MOUNT CARMEL – For a small number of people around the country, hypoparathyroidism is a disorder that they deal with everyday.

Hypoparathyroidism is a condition where an individual’s body does not secrete enough parathyroid hormone (PTH). Without enough PTH, the body is unable to properly regulate phosphorus and calcium in the blood. This malfunction causes an affected individual to have abnormally low calcium levels with abnormally high phosphorus levels. The parathyroid glands in the neck are responsible for secreting PTH. Hypoparathyroidism patients have parathyroid glands that do not function properly.

But for many of these people, including Sandy Keneipp of Mount Carmel, a drug called Natpara was available for them that helped lessen the effects of the disorder, until recently.

Natpara was recently pulled from the market by the FDA, due to the potential of a rubber particulate in the injectable medication.

Keneipp began to deal with her issues a couple of years ago.

“In July of 2017 I went in for a routine check-up for my insurance with Dr. Jani and he said he felt something on my thyroid,” Keneipp said. “He sent me to Evansville to see a doctor. In August, he took my thyroid out. My thyroid had goiters on it and it was affecting my swallowing a bit. I had a biopsy, but it came back clear.”

Along with the thyroid, the doctor removed two parathyroids. Keneipp was told that the other two parathyroids were 'asleep' but they would begin working to replace the two that were removed and she would be ok.

Keneipp spent 11 days in the hospital, receiving calcium infusions the whole time, which caused blood clots.

“I was released at 4:20 p.m. and at 5 a.m. the next morning I was being rushed back because I had no calcium in my body,” she said. “Donna Jackson (RN, Wabash General Hospital) actually saved my life that day. I then was taken by ambulance back to Evansville because when you have calcium problems it can affect your heart and a lot of other things.”

She spent several days in ICU and continued to receive calcium infusions and was told to eat Tums as well when she was released.

“I continued to go to the hospital for infusions and decided to look online for help to solve the problem before I died,” Keneipp said. “I found a doctor in Indianapolis and he did some tests and told me I needed to go on Natpara. There are 70,000 people who have this disease, there are 2,700 of us who are critical. I am one of those that the other options didn't help. Nobody knows about the disease which is bad.”

Calcium infusions were an almost daily occurrence for Keneipp, but after taking Natpara, she was down to almost no infusions.

“I am not going to say it is the best thing in the world, because there are side effects, but it is the best thing in the world. It is that good of a hormone,” Keneipp said.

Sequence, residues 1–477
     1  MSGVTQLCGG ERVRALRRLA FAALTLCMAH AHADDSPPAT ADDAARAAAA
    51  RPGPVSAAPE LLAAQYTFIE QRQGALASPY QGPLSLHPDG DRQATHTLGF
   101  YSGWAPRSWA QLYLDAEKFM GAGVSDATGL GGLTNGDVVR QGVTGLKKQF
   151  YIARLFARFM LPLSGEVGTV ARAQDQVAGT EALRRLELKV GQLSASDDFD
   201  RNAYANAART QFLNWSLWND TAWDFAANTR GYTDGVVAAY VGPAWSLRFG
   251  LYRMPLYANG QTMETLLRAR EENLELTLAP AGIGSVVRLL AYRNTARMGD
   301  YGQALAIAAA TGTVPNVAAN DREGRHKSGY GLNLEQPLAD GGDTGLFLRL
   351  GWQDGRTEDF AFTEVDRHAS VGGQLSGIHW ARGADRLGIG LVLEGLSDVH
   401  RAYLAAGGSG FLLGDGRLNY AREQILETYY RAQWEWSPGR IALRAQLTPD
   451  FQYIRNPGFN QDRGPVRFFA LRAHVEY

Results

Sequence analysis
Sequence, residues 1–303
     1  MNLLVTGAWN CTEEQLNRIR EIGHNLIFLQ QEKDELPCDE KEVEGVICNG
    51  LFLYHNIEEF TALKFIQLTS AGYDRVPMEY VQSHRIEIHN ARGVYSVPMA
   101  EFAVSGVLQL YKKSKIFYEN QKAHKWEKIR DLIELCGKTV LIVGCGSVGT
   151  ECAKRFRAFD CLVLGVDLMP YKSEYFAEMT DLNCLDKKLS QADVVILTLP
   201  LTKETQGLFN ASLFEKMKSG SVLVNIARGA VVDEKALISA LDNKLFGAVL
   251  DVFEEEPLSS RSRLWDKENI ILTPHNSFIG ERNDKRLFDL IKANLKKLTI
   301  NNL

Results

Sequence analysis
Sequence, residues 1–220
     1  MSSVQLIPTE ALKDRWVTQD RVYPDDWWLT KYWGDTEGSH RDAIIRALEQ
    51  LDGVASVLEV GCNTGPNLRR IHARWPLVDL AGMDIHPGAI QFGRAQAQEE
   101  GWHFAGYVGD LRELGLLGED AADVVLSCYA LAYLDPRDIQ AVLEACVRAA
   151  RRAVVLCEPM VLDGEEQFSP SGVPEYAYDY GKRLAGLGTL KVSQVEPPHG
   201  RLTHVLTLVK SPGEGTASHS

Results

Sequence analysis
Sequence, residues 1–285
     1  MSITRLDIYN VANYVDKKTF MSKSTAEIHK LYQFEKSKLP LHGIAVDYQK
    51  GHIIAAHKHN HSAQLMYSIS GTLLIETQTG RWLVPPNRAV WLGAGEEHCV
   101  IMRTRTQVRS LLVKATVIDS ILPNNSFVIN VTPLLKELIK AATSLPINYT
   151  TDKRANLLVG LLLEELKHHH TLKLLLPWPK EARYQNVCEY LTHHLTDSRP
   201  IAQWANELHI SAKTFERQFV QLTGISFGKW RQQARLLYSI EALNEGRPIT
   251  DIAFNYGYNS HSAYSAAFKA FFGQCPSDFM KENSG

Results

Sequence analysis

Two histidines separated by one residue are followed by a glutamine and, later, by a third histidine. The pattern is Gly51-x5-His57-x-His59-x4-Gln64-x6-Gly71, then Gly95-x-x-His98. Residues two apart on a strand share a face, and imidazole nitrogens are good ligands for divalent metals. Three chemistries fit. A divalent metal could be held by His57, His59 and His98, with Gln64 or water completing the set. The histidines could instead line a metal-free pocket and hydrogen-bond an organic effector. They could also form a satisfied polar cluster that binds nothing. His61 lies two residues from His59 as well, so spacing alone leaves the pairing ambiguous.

But on Sept. 5 of this year, Keneipp read on Facebook that the FDA had pulled the drug.

“Everyone else on it read it on Facebook as well, because we are in a closed group,” she said. “We were thinking that it was a bad joke. Shire Pharmaceuticals made the drug and sold to Takeda a while back. We had heard that they weren't going to keep it because they weren't making money with it. We thought they would sell it to somebody else. Nobody called us (about the recall) and said anything to us. But if we had it, we could still take it. We got a letter in the mail later.”

Keneipp said her supply will run out on Sunday. She expects she will be back to the near daily calcium infusions after that.

“I may as well get a bed up there,” she said. “With the calcium before, my kidneys were shutting down. Right now, my levels are bad, but I can't even imagine what it will be like when I am back on them. Calcitriol is not good for your kidneys. How does someone just get rid of a drug.”

Looking back, Keneipp wishes she never had the initial surgery on her thyroid.

“Within a month my life changed,” she said. “I was literally the healthiest person on Earth. It is crazy how stuff happens. I question it everyday.”

There is a special use program for one percent of those in need to stay on Natpara. To be eligible for the program, a patient must apply through their doctor. Keneipp has not yet applied for the special use.

“I don't think my doctor has applied yet for the three patients he has,” she said. “I put a call in to him to apply for me.”

U.S. Senators Patrick Leahy, Bernie Sanders and U.S. Representative Peter Welch recently sent a letter to the FDA asking for a quick response on the future of Natpara.

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